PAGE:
Entertainment of 2013-12-06

Obour & Okyeame Kwame speak to Ashesi students on music and social change

On Tuesday, 3rd December, Ashesi’s Leadership 4 class welcomed Ghanaian music icons Obour (Bice Osei-Kuffour) and Okyeame Kwame (Kwame Nsiah Appau), President and Public Relations Officer of the Musicians Union of Ghana.

The two musicians joined the class to add their voice to discussions on the influence on music on society, sharing experiences on how they have personally helped push social change agendas, and the leadership lessons they have learned through their careers.

Okyeame Kwame, a professional musician for over 15 years, was named Ghana’s “Artiste of the Year” in 2009. In that same period, he was made a Ghana Health Ambassador by the Ministry of Health, and chose to lead the drive to build more awareness of Hepatitis B.

“My music reached people, but I was not sure I was directly affecting their lives. So when the Ministry of Health gave me the opportunity, I decided to choose a cause that receives very little attention when it comes to funding in Ghana – Hepatitis B.”

Ghana is rate a high-risk country for Hepatitis B and C, with a 10 and 15 percent prevalence rate. Though the disease has no cure, early testing can help reduce its effect on a person’s lifespan.

“The test for hepatitis B is more than most Ghanaians can afford, and so I started an NGO with my doctor, and we travelled around Ghana helping spread awareness about Hepatitis B and creating free testing clinics. I have done a lot of interesting things in my life, but this is one of the most important things that I have done.”

On his part, Obour shared the experiences that had led him to his current role as President of one of Ghana’s biggest arts union, MUSIGA – the youngest president in the Union’s history – and a contributor to other social impact campaigns across Ghana.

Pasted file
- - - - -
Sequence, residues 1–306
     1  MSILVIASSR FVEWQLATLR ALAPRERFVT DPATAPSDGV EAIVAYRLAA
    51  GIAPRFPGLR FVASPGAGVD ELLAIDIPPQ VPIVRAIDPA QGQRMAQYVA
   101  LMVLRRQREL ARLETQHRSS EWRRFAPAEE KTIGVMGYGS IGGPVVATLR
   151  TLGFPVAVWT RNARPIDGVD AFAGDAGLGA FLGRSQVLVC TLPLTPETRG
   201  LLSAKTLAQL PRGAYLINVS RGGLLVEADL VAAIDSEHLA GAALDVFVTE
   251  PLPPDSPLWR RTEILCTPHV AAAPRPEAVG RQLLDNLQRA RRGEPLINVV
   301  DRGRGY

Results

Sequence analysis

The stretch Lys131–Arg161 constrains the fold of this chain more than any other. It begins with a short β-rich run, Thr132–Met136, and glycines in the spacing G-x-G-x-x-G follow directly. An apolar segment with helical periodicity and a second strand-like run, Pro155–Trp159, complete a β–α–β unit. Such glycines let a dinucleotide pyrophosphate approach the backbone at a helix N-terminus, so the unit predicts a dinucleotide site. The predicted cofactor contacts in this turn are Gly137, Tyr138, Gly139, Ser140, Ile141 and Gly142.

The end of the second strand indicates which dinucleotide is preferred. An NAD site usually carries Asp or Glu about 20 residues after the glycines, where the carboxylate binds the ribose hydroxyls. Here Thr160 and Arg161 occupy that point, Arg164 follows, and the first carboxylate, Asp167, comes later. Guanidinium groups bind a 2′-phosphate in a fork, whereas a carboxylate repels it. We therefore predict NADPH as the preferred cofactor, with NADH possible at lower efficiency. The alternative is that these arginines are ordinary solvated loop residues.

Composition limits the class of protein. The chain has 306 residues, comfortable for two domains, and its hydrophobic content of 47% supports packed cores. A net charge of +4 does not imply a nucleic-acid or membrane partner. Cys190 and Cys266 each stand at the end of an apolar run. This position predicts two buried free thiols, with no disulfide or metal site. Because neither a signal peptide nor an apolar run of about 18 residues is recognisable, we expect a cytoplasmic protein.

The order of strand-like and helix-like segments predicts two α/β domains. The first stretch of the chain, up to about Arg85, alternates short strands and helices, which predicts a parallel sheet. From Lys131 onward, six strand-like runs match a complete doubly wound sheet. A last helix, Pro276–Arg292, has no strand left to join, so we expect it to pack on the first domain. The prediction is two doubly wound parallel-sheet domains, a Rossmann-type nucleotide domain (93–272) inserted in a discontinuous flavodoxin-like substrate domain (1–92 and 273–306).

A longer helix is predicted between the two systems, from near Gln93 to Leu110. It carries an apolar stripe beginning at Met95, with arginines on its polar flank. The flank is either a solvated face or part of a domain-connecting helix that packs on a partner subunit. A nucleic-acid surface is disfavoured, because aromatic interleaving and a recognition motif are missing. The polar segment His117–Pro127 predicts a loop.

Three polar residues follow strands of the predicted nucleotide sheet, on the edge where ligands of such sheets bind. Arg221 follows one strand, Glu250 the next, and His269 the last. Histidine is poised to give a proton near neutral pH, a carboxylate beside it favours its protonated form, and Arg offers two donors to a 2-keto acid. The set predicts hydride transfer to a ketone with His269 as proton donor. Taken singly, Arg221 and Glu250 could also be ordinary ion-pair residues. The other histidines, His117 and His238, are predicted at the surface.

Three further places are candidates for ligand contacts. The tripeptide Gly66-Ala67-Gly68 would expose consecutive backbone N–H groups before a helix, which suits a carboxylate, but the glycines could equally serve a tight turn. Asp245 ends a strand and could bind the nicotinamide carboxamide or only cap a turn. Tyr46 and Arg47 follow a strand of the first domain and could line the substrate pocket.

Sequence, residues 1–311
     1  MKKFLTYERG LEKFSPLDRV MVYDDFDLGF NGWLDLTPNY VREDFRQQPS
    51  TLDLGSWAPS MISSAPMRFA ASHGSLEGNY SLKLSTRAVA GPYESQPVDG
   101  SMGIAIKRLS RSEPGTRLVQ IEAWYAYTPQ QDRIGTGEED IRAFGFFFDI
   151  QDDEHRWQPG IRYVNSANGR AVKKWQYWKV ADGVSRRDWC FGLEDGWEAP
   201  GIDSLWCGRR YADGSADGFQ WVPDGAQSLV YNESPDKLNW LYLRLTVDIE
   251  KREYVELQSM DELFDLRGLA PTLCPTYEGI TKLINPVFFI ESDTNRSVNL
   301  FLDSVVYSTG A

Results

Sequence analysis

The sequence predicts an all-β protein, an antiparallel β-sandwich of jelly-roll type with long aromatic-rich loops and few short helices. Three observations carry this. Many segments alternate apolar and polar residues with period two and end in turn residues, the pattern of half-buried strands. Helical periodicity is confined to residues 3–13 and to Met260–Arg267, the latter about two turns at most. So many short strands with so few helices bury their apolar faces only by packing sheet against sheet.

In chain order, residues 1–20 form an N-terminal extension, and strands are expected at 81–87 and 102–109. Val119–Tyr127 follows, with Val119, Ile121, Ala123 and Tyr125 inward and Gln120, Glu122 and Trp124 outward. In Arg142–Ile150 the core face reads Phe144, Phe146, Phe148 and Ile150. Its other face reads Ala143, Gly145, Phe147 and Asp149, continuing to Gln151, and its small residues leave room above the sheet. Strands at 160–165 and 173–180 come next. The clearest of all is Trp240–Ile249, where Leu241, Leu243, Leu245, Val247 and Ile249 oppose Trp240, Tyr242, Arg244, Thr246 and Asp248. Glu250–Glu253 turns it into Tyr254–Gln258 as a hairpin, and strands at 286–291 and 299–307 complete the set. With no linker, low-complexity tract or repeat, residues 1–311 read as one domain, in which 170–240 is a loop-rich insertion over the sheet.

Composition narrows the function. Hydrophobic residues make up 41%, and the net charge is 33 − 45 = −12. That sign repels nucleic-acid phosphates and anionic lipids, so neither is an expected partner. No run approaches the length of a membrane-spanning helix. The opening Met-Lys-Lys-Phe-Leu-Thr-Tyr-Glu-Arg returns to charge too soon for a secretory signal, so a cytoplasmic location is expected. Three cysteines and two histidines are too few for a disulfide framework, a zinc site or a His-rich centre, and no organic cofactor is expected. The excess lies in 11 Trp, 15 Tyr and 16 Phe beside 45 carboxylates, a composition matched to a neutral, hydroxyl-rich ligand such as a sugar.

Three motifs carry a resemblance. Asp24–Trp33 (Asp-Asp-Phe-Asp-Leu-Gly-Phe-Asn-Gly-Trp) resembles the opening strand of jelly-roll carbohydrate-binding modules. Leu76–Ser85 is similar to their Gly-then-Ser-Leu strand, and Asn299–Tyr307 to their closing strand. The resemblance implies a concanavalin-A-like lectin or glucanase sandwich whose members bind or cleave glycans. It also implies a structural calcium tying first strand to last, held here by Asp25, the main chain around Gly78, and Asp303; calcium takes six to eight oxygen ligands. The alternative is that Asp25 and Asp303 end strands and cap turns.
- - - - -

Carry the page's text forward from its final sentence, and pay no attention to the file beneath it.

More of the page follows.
“At the peak of my music career, I decided to drop the mic and run for the President of MUSIGA,” Obour said. “I felt there was no essence making great music in an industry that would not allow the music to sustain itself. I wanted to put a different kind of effort into building the music industry to a stage where it would be worth our while.”

Obour also answered questions on how he had challenged the status quo by becoming the youngest President in MUSIGA’s history, going up against older musicians, and how he overcame the cultural stereotypes in Ghana that made it difficult for young people to be recognized as leaders.

“I had key industry leaders advising me to drop out of the election, because it was not right to compete with older musicians,” Obour added. “My passion and my resolve were above the cultural difficulty. I felt that I had some great ideas that could change the music industry, and I believed in giving people the option to listen to them, and choosing for themselves if they thought it would be effective.”

In the Leadership 4 class this semester, students have discussed the power of music and the creative arts in influencing society, with conversations moving from Bob Marley and Fela Kuti, to David Diop and Wole Soyinka.

The visit by two of Ghana’s strongest cultural icons was to help provide real perspectives for the students on change leadership and is part of a broader conversation on the many different ways that young people can influence change in their societies.